Joseph E. Dall'Era, MD

Denver

Next: "[Urologists] have been good stewards for several years on radiation exposure."

 

We’ve been good stewards for several years on radiation exposure. In urology, the CT scan is our primary diagnostic radiologic tool, but it’s not being overused. Quite the opposite. The best example is stone disease. If somebody has an acute stone episode, we tend to get a CT scan. Otherwise we try to manage our patients with ultrasounds and KUBs, which have little or no radiation exposure.

Another important factor is cooperation between radiologists and urologists like we have in our institution. So when we do a CT urogram, we do a three-phase study: without contrast, a cortical phase honing in on kidneys, and the excretory phase-another full scan from diaphragm to pubis. But now we’re able to do reconstructions with computer programs that have become marvelously sophisticated, without additional radiation.

The second example is cancer. They just rewrote the whole bladder cancer protocol and it’s much more practical. If patients have a low-grade tumor, the chance of having an upper tract tumor or one anywhere else is so low, it’s not worth doing a follow-up CT.

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We used to be very indiscriminate in our use of CTs for fear we were going to miss cancers. We’re now more confident in our ability to decide when we need to get studies.

As urologists, we’re doing many fewer CT scans and being much more judicious about using them. So I say kudos to us because this is a dramatic change.”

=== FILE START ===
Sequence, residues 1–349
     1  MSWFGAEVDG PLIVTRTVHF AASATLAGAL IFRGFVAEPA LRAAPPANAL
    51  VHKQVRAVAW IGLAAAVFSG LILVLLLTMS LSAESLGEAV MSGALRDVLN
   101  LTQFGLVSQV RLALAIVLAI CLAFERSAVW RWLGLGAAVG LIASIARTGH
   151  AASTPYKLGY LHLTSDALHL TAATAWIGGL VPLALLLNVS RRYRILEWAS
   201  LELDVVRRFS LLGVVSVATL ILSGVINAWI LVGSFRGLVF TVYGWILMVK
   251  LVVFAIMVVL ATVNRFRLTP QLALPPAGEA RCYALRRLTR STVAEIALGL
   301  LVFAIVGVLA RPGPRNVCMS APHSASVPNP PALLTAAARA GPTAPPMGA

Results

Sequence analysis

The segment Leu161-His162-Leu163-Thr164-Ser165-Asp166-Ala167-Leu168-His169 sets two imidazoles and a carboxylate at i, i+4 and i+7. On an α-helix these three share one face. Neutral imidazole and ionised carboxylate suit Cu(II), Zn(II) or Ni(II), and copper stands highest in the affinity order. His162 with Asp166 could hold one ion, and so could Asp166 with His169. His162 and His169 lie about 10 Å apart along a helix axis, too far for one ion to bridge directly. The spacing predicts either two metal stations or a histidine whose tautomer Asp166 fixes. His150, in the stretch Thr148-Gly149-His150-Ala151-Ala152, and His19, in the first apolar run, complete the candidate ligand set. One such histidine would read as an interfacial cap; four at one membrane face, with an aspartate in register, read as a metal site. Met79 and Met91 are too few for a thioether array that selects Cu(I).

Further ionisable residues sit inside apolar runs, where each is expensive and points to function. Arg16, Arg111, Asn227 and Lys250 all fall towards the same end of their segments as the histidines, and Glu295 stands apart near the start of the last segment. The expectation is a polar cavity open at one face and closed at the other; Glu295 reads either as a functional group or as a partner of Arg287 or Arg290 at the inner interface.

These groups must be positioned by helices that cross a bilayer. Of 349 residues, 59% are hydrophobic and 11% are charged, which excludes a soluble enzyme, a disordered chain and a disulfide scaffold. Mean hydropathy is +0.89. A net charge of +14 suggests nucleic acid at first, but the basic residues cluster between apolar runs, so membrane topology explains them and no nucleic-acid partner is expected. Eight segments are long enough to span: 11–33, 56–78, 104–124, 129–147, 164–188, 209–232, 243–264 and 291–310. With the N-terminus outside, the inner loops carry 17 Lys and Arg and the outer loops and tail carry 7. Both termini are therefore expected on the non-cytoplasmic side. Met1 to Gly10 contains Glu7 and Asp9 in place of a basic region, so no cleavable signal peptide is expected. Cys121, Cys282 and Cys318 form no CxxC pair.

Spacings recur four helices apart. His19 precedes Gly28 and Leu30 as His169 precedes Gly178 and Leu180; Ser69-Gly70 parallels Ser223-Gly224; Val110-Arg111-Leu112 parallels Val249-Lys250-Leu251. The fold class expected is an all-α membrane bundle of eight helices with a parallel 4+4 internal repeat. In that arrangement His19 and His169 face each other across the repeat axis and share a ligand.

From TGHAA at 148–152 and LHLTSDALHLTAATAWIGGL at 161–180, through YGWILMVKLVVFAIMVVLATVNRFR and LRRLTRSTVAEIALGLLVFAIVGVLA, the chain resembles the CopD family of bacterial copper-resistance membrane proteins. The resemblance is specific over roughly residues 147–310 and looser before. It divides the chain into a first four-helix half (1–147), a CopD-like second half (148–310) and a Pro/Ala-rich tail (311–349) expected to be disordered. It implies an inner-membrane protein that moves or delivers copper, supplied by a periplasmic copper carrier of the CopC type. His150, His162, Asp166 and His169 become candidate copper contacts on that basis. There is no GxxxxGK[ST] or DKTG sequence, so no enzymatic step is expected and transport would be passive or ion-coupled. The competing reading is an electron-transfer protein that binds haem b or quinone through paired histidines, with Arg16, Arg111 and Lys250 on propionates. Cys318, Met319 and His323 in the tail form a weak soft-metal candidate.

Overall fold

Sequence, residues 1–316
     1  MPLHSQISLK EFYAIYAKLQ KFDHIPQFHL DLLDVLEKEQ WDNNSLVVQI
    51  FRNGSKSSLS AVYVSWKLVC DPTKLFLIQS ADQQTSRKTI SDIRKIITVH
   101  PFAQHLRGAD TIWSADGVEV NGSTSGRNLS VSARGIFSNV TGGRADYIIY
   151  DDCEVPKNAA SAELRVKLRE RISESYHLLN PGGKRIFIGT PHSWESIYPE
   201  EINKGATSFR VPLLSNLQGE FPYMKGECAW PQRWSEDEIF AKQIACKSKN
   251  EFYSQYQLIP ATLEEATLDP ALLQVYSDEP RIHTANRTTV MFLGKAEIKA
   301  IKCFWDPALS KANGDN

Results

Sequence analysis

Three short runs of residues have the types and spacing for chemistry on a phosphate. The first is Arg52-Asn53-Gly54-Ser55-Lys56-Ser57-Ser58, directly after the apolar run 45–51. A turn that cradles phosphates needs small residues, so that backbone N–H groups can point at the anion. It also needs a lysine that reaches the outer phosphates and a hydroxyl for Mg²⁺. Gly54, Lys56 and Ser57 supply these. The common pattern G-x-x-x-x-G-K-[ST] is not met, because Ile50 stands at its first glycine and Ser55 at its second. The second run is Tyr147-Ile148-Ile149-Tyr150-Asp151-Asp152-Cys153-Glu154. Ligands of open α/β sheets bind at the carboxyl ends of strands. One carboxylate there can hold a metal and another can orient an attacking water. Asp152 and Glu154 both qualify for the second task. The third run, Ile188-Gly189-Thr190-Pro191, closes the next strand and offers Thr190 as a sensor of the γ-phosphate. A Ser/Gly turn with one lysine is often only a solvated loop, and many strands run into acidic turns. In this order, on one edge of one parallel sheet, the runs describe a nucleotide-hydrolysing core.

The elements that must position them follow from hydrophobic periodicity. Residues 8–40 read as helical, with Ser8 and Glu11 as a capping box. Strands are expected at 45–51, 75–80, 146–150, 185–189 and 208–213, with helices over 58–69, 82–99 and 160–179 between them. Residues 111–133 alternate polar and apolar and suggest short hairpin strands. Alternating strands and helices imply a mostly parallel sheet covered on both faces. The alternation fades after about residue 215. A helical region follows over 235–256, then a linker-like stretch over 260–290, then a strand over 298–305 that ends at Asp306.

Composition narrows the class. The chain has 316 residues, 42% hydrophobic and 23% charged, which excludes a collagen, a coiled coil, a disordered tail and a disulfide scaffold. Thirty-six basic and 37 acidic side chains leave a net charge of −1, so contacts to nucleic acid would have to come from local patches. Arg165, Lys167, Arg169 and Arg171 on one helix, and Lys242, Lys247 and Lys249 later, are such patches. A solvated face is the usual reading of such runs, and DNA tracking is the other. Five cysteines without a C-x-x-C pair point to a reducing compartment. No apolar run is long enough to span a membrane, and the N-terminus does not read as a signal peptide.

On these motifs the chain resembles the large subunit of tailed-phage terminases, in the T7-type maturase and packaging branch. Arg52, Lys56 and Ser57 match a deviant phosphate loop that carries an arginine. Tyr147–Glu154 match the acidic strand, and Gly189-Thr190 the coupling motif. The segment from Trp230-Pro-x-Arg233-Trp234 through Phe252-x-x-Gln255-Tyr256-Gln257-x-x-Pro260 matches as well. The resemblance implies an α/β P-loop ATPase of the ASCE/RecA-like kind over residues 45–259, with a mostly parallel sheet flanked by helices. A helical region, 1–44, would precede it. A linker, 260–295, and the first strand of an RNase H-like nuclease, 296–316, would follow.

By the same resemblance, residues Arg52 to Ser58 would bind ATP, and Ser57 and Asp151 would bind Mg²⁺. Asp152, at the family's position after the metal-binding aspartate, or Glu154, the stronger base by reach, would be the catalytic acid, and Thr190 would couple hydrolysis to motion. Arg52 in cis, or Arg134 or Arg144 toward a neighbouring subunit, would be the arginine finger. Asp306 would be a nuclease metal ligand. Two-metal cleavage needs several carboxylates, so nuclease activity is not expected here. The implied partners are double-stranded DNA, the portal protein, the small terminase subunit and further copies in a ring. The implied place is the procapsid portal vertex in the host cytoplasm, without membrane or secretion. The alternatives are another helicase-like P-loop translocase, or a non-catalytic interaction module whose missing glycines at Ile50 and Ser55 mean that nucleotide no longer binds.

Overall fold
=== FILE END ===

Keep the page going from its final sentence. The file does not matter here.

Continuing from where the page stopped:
Nina Davis, MD

Portland, OR

Next: "People have gotten so worried about using radiation...that they sacrifice diagnostic accuracy."

 

The short answer is yes. However, put it this way, patients who are most worried are usually those at lowest risk for problems. From a provider standpoint, it’s important to be mindful, but any single study is highly unlikely to be a problem in anyone who is not pregnant and not a child. If you’re looking at a single study, the risk is essentially zero.

The real issue is, the information we have on carcinogenicity from medical radiation exposure is extrapolated from atomic bomb survivors. The biggest takeaway is that over the age of 30, the risk of exposure is substantially less than if you’re under 30. In my practice, I’m very mindful of radiation exposure in younger people. In older people, especially those in their 50s, 60s, and 70s, I honestly don’t pay attention to it.

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The pendulum has swung so far away from CT scans, particularly for kidney stones, people will sacrifice 30% diagnostic accuracy in the name of reducing radiation. Frankly, that does patients a disservice.

The big point I would hammer home is that people have gotten so worried about using radiation when it’s appropriate and of almost no risk to the patients, that they sacrifice diagnostic accuracy. It’s good to be cognizant, but to sacrifice helping diagnose and treat the patient is where it becomes a problem.”

Peter Steinberg, MD

Boston